May 6, 2007

75 and Sunny

Posted in Commentary, OSX Software at 8:00 pm by Michael Sweeney Media

Typical day in Southern California this morning in Santa Monica. I should also add that this was at 7 am in the morning when I noted the mild temps and picture perfect day. And why was I at the beach in Santa Monica at some ungodly hour in the AM on a weekend no less? Well, I like to run or I *did* like to run until I had the misfortune of cramming my right leg into the earth at something around 40 mph while speeding down a ski run on my mountain bike. One steel plate and seven screws later, my running days were very limited. That all happened about 10 years ago and today, in the early morning sunshine and sea breeze, I ran my first 10K since then that nasty crash. I spent the last year in training to get myself back into shape to run 6.2 miles at a good 10 minute per mile pace even while running up four miles of a 4% grade. It felt very good to be with the athletic crowd of the 10K runners and to see that the running events like the Santa Monica Classic are still very family friendly. The mountain bike races were never as friendly and while they were an awesome adrenaline rush, running is much safer for someone with one kid in college and two more little ones under four. Everything changes over time and my MTB has been mostly retired I’m afraid. I was never very good at holding back on my rides and since I know that all too well, it servers no purpose to tease myself on the mountain bike. Better to find something else for now and there is nothing like the pain of running 6 miles up a hill to distract you from your woes 🙂

Now, I know this is not very Mac like but in a way it is. Windows is like the MTB crowd, alot of people there but not very friendly and not very forgiving when a mistake is made. My experience with Macs tend to be like my running. I can push as hard as I want to or I can easily coast along and enjoy the view. And the family can enjoy it also without too much trouble. My dad picked up my iBook, the first real computer he has every tried (webTV doesnt count) and proceeded to spend most of the day surfing around the web with just a bit of instruction on the touch pad and how web pages work. Now he is 78 and very fixed in his ways but he was hinted very strongly to me that he would not mind having a Powerbook of his own 🙂 I can speak from experience that if this had been a Windows laptop, it would not have been the same experience give he was hooked right away on just shutting the lid and then opening it up to play some more minutes later. And the iBook never missed a beat.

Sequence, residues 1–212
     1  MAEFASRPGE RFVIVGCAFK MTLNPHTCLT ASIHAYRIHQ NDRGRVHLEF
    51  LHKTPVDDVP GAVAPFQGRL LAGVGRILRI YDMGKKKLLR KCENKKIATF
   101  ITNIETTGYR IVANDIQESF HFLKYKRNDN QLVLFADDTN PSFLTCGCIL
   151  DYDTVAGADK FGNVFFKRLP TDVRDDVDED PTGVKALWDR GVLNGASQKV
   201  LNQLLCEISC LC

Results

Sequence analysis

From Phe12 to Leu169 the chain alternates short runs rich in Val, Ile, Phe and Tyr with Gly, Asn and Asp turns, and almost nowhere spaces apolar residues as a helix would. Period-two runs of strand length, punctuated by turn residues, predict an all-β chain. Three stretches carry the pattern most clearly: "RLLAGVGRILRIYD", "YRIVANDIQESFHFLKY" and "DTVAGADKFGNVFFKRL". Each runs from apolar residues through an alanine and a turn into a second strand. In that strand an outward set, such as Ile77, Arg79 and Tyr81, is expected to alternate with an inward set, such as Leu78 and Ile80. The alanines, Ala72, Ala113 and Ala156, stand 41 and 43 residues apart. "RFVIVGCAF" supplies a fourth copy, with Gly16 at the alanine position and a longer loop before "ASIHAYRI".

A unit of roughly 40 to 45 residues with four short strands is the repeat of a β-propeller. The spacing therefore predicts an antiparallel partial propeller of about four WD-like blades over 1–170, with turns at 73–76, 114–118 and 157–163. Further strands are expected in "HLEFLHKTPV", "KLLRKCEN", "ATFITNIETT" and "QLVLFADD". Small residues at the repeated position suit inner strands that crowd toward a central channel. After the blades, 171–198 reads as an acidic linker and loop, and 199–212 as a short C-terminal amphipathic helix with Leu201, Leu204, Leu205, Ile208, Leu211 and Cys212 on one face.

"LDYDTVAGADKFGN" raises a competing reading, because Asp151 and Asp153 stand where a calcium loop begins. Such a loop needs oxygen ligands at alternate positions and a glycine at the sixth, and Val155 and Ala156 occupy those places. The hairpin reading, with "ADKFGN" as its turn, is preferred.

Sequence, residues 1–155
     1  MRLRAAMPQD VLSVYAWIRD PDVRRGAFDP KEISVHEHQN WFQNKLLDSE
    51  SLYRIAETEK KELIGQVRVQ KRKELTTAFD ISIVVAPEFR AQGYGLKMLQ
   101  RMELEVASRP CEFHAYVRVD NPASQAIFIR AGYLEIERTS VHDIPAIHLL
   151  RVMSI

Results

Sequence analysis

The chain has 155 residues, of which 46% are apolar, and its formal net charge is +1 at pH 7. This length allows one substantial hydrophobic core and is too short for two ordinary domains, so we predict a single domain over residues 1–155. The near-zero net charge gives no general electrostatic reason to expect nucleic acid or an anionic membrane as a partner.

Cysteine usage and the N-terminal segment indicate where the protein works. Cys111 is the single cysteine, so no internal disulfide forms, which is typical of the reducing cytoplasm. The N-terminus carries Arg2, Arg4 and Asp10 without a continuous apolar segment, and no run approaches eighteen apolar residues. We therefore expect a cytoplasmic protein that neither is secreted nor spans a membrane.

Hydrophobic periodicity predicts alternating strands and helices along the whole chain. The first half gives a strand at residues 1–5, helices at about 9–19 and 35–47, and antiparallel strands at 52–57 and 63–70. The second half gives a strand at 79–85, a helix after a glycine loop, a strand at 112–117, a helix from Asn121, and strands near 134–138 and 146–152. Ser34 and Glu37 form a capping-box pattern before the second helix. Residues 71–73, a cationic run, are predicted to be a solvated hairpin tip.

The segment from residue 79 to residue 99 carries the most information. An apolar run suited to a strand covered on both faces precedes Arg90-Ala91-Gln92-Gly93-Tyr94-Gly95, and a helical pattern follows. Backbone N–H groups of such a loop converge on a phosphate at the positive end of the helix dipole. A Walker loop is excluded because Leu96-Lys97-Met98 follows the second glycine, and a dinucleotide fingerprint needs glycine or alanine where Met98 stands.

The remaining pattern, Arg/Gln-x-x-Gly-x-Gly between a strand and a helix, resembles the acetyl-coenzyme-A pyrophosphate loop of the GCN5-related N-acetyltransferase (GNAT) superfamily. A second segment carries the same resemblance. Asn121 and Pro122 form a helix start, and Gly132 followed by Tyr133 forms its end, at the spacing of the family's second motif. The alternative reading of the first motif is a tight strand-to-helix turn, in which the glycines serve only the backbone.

I was told about a new Dev application for websites called “CODA” by the good folks at Panic who also sell Transmit, one of the best FTP clients around. I needed to rewrite a website from it’s horribly nested tables and use CSS styles instead. I had tried a few different editors but none really clicked with me. CODA clicked and clicked very fast. Like I used it for four hours and then bought it even though I had 14 more days on the trial. It has one of the easist interfaces I have used, split panes for viewing the code and preview or style sheet, integrated with Transmit, auto sync between local and remote copies, free eBooks on HTML, CSS and PHP plus alot more. You can have multiple instances open for each different site which was an unexpected pleasure to use since I have three projects all built on templates from the same place with the same #&*@#*( nested tables giving me grief. The find and replace is a good deal better than just “find and replace”, it can do a complete string of commands or just the anchors or whatever. CODA has a collaboration engine but I have not tested it but it does work with Bonjour over the network.

CODA

You can see the sun total of buttons are six. To change your view is as easy as clicking on which view you want, presto chango. The editor will attempt to help you by completing which tag you want based on the first few letters including options. It takes a bit of getting used to it but I find it helpful.

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